Traffic deaths at 23-year low
While 2008 was a year many hope to forget, it proved to be the safest year on Alabama highways since 1985, the governor’s office said Wednesday.
According to preliminary numbers released by the state, 633 people lost their lives in these accidents on Alabama’s highways.
The 2008 number is a 17 percent reduction from 2007 and the lowest number of fatalities worked by state troopers in 23 years, when the state recorded 618 deaths.
“When it comes to saving lives, Alabama is moving in the right direction,” Governor Riley said during a news conference at the Department of Public Safety on Wednesday.
“What’s especially important to realize is this: our 17 percent drop in highway deaths is well above the 10 percent drop recorded nationally. That means while a decrease in highway travel has played a role, it isn’t the only reason why deaths are down in Alabama” Riley said.
One of the main reasons for the decline in deaths, crashes and injuries is the work of state agencies in efforts such as “Take Bake Our Highways,” and the blood alcohol testing equipment called BAT mobiles that help take drunk drivers off of roads more quickly.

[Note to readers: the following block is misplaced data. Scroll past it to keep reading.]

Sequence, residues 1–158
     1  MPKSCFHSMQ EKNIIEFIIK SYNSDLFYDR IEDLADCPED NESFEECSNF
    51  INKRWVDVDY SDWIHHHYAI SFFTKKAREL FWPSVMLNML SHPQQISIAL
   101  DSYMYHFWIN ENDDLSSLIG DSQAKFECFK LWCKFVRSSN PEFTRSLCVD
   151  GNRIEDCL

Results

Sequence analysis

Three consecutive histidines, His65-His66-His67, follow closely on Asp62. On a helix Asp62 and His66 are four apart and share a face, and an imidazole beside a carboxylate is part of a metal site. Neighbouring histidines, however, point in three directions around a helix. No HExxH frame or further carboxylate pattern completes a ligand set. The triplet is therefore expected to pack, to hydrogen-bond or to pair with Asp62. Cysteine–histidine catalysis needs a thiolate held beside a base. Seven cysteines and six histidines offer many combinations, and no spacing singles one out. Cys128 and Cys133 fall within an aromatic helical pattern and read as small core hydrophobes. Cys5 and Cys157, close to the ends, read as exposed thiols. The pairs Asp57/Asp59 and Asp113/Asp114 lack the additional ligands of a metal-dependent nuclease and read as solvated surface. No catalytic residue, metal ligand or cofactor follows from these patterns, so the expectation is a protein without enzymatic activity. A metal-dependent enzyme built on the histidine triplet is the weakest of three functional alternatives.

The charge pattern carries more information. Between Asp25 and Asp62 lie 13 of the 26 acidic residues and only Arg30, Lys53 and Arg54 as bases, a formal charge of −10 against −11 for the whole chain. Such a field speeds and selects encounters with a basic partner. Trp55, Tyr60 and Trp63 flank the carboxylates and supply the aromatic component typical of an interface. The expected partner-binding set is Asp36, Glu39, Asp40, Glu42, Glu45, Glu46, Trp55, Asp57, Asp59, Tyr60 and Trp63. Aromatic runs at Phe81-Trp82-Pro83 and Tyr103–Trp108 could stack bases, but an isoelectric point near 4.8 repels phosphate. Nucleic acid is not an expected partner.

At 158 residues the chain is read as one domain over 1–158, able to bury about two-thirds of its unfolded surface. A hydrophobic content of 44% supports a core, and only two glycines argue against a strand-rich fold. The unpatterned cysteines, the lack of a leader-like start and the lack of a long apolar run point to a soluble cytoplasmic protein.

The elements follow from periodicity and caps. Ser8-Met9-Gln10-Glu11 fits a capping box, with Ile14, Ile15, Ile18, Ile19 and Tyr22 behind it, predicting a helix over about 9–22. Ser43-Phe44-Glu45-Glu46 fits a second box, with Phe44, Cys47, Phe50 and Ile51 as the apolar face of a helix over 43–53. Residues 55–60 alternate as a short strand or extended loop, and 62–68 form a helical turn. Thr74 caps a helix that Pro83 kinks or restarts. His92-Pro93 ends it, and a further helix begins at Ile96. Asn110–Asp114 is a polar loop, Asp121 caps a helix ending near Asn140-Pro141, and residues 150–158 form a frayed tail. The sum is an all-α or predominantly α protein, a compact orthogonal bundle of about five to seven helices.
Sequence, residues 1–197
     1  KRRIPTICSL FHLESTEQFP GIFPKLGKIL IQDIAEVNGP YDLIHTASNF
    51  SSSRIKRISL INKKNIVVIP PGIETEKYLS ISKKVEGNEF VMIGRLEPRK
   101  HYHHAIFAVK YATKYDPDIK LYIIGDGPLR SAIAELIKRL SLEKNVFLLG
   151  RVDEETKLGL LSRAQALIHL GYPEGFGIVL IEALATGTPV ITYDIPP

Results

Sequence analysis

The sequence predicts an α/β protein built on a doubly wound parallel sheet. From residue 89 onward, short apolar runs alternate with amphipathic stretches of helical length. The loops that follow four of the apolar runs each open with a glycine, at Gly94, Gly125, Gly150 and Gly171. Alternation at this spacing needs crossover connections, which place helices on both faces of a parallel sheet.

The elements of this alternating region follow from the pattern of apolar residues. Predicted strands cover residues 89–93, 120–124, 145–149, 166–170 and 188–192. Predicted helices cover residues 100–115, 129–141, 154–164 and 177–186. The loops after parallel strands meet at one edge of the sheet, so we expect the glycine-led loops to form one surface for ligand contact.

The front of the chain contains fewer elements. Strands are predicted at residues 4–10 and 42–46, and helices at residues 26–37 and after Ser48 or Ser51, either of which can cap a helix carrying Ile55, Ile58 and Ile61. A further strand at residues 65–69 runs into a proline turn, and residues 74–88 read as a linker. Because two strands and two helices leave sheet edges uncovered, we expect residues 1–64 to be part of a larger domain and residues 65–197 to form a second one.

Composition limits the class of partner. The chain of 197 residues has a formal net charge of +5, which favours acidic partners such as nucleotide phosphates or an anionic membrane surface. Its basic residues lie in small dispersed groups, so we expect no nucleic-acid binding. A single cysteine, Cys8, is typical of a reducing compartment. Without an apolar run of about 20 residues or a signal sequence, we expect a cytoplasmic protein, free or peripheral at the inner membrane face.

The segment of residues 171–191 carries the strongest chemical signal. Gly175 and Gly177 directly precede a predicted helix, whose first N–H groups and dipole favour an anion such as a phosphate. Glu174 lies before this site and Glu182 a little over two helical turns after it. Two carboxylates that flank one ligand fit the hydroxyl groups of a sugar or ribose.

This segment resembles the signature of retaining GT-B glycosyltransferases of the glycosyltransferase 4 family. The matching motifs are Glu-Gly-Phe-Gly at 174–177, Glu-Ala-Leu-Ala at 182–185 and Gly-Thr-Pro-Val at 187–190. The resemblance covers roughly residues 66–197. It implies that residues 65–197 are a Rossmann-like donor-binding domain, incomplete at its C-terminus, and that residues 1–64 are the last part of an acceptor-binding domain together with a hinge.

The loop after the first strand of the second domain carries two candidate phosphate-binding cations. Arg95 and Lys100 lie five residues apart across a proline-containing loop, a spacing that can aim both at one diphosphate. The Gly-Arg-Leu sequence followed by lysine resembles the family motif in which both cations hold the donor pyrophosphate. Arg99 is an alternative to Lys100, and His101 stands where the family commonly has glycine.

The Alabama Department of Transportation has also worked to put up new barriers along interstate medians and wider lanes on many rural highways to help make roadways safer.
In rural areas, they have also worked to widen narrow roads and repave dangerous roads to help decrease wrecks associated with running off the road.
“Based on a reduction in crashes and fatalities, our statistics indicate that we’ve saved over 150 lives since 2003 by installing guardrails and other barriers along 180 miles of interstate highway to prevent cross-median crashes,” said Transportation Director Joe McInnes. “We’re also confident that our rural road widening project will begin showing reductions in fatalities in rural areas.”
The BAT mobiles are a key component of Task Force Zero, a state trooper initiative to combat drunk driving.
The task force focuses on detecting, testing and processing impaired drivers through increased patrols and DUI checkpoints across the state.
BAT mobiles are equipped with custom alcohol testing gear provided by the Department of Forensic Sciences and other equipment needed to process impaired drivers and gather evidence for court.
Video cameras inside the BAT mobiles record footage that can be used as evidence in court, as a training tool for officers and as a way to ensure that officers perform their job duties correctly.